The Salem Witch Trials Essay

In the British colony, Massachusetts, witchcraft hysteria broke out between February 1692 and May 1693, resulting in the execution of twenty people and the jailing of 342 people. The Salem Witch Trials began after young girls in Salem claimed to be possessed by the Devil and started holding local women of Salem accountable of witchcraft. The effects the Salem Witch Trials had on the colony were separation of the church and the state and mass hysteria. In the 17th century, witchcraft was a serious crime, and convicted witches could be put to death.

The following will discuss what the Salem Witch trials were, what happened during the time frame, and how it shaped Salem Village after it ended. The Salem Witch Trials were a chain of hearings and prosecutions of people held accountable for witchcraft in Salem, Massachusetts. When a group of young girls began to display bizarre behaviors such as seizures, screaming, and trans-like states without physical symptoms of illness, the villagers of Salem believed it was the work of the Devil.

The girls blamed the way they were acting on witchcraft, and also named three women who cast spells on them: Tituba, a slave who told the girls witchcraft stories, Sarah Good, A beggar, and Sarah Osborne, an old lady who only went to church occasionally. Not just women were accused of witchcraft, men were also accused. For example, on April 11th, 1692 John Proctor was the first man arrested and held accountable for witchcraft. Although it was known as the Salem Witch Trials, several counties, such as Andover, were involved.

The Puritan lifestyle was very strict, and the slightest change in behavior, missing church for instance, a rose suspicion. People were so caught up with the idea of witches and witchcraft, when they had little knowledge of misfortunes, like sickness or death, they blamed supernatural forces. The disasters were believed to be upon them through supernatural forces, like witchcraft. The powerful beliefs of witchcraft and witches were brought by the English to America; it was part of their belief system and culture, which was passed from generation to generation and responsible for the Salem Witch Trials.

In the small Salem Village, the villagers were quick to blame witchcraft when Reverend Parris’ and several other girls were affected by seizures and lapses into unconsciousness, especially when they learned the girls had been messing with fortunetelling with Tituba. Only Tituba, Sarah Good, and Sarah Osborne were accused at first, but shortly after the witch hunt grew until some of Salem’s most prominent citizens stood accused. Historians believe that the causes of the witch trials had to deal with social and economical animosity behind the accusations, but mostly mass hysteria was the main culprit.

The accusations were not considered unusual because witchcraft beliefs were very strong in this time period. Witches were regular people whose pride, envy, or greed apparently led them to make a pact with the Devil. The people held accountable for witchcraft were claimed to use supernatural powers to torment their neighbors by causing illness, destroying property, or possessing the victim’s body and mind. The fear of witchcraft in the village of Salem overrode doubts about the young girls’ credibility and led local judges to put aside normal procedural safeguards. Judges ignored the law’s ban on “spectral evidence”.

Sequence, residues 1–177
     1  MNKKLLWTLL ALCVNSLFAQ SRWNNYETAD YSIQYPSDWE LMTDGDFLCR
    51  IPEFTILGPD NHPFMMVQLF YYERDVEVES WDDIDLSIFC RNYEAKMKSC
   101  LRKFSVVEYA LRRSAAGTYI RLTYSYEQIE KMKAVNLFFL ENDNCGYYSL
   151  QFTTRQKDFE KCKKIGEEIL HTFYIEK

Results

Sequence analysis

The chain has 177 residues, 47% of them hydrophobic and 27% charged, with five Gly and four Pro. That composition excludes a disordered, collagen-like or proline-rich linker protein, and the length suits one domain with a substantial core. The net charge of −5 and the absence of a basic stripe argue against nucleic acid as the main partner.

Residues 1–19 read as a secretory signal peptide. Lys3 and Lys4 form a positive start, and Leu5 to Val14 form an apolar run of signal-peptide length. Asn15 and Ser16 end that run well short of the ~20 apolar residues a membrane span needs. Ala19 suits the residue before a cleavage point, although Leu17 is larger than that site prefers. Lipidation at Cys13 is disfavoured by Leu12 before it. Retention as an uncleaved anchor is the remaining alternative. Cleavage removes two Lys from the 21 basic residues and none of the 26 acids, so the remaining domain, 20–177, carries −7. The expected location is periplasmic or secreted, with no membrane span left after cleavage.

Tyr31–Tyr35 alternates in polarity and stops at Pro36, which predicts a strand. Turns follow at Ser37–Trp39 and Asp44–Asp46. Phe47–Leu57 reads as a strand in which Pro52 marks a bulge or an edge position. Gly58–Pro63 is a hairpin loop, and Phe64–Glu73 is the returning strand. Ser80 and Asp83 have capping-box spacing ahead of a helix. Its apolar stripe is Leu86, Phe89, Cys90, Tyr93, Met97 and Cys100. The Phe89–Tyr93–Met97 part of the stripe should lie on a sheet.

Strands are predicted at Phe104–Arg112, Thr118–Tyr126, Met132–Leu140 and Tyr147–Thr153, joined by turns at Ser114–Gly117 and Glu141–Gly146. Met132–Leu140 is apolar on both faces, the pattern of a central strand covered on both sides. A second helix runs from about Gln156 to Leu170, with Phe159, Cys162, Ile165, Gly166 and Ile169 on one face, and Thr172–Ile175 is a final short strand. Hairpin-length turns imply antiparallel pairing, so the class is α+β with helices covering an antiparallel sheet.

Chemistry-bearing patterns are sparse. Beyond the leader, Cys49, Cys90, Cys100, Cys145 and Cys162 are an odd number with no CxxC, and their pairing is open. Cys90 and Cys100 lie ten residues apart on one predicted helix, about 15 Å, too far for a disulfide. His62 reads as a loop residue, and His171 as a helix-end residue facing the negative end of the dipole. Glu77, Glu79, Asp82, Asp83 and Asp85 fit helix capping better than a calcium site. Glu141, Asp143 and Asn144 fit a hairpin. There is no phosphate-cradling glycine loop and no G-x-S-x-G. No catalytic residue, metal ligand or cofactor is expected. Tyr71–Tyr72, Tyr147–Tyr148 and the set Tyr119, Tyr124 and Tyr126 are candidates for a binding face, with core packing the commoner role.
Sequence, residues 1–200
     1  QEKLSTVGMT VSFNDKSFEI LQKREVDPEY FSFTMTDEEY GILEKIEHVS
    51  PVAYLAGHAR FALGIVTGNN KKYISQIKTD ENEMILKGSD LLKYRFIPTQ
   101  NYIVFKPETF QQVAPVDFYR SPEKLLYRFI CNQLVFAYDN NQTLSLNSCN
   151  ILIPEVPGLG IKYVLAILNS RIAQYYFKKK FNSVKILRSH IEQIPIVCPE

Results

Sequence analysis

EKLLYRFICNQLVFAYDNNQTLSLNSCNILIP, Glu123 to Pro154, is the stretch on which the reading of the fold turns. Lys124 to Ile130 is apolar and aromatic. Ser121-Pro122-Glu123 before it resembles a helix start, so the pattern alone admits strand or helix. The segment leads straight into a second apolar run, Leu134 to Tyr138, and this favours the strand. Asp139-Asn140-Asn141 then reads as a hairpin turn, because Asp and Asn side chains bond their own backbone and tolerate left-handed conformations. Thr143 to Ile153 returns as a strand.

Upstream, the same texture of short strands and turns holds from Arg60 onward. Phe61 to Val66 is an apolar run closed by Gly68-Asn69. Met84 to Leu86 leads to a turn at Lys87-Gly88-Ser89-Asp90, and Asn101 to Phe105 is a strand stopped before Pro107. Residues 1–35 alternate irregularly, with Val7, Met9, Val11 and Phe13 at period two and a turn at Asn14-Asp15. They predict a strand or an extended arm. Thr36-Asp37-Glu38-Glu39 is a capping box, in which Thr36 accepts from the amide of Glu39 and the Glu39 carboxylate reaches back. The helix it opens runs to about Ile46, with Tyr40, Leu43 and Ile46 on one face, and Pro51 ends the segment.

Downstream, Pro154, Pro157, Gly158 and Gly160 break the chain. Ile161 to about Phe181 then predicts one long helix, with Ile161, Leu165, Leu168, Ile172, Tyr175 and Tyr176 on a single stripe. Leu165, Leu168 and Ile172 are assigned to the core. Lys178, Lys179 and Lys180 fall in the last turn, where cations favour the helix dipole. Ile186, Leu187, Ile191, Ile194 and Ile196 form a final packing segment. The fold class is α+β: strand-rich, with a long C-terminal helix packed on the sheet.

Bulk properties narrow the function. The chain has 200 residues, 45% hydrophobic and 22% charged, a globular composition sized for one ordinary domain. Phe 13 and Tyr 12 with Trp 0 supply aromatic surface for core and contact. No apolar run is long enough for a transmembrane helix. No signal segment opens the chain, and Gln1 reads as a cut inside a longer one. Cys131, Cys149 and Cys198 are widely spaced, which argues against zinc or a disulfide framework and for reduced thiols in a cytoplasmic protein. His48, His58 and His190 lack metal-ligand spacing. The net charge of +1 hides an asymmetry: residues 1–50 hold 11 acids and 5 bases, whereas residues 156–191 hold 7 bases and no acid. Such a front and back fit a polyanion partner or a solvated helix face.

Spectral evidence is a spirit resembling the accused had been seen harming a victim. The number of witchcraft accusations rose to 342 witches sitting in jail. More than half of the girls accusing people of witchcraft were between the ages of eleven to twenty most were servants in other family households. The fear of witchcraft broke ties between families and friends. For example, a minister’s own granddaughter had him condemned. During this time 50 people were able to save themselves by giving false confessions, the twenty others whom refused to confess were executed.

Governor William Phips forbid any more imprisonments of witchcraft in October 1692. Shortly after he suspended all the trials in 1693, he pardoned all the convicted people of witchcraft. This ended the Salem Witch Trials in May 1693. How did the Salem Witch Trials affect Salem and America? In January 1697, Massachusetts’ General Court announced a day of fasting specifically for the tragedy of the Salem Witch Trials. The Court deemed the trails unlawful and illegitimate. The ending of the Salem Witch Trials created a good closure in the community. In 1957, the last witches’ names were cleared.

The people e had realized their mistakes of accusations and made a memorial honoring the deaths of the people accused of witchcraft in 1992. The impact of hysteria is still amongst us today and has not gone away. The Salem Witch Trials have become the focus in many books such as crucible by Arthur Miller. The Salem Witch Trials split apart families, and made life difficult for the accused. Daily chores, like harvesting, were neglected during the Salem Witch Trials. The colonist of Salem, Massachusetts felt ashamed and remorseful about the witch trials.

Colonist began to suffer many misfortunes, and thought God was punishing them for their mistake. Out of all the accusers in the Salem Witch Trials only one girl apologized. Ann Putnam Jr. apologized in 1706 for her part in the Salem Witch Trials. The Salem Witch Trials is a very memorable event in Salem, Massachusetts in the 17th century and also had a very strong impact on American History. Throughout the Salem Witch Trials, hundreds were accuse and most were hung. Friends and families were turned against each other. In this essay | discussed, what the Salem trials were, what happened during the Salem Trials, and how it affected Salem.